Hello World (Erlang)

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Every Erlang program begins with a module declaration.


The module declaration exists to provide a name space for any symbols you define without risk of collision with others and an obfuscatory layer for functions you don't wish others to use.

Once the module is set, the next thing we need to do is decide which functions we want the outside world to see. We do this with an export statement.


The export statement is given a list of functions exported by the module in the form of name/arity. Other modules can only access the functions in this module if they have been placed in the export statement. In our "hello world" module we only want to expose the function that says "hello". It is, conveniently, the only function.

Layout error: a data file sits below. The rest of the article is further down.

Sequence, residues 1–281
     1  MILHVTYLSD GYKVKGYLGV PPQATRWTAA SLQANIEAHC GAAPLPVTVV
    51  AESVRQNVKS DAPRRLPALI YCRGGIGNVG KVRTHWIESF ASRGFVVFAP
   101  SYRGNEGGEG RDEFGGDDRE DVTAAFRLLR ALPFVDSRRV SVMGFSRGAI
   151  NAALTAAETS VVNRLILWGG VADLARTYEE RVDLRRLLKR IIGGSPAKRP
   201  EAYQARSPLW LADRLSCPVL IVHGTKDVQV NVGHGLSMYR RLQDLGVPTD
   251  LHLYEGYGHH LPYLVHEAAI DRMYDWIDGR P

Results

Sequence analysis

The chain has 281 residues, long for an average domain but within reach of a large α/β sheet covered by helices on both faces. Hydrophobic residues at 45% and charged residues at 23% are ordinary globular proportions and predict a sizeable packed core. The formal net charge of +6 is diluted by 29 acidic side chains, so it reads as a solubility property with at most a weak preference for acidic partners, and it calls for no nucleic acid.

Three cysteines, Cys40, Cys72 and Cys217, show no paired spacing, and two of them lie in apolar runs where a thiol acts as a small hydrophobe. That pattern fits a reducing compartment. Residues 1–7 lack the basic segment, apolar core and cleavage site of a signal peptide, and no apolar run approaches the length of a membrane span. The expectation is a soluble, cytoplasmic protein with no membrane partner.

Now we add the actual function.

hello() -> io:format("Hello, world!~n").

The function is given in the form of name(arguments) -> body. The body of this function consists entirely of a single function call. The function call there is given in the form of module:function(arguments). Thus we are calling the format function in the io module. (This is one of the standard modules and functions provided in the Erlang environment.)

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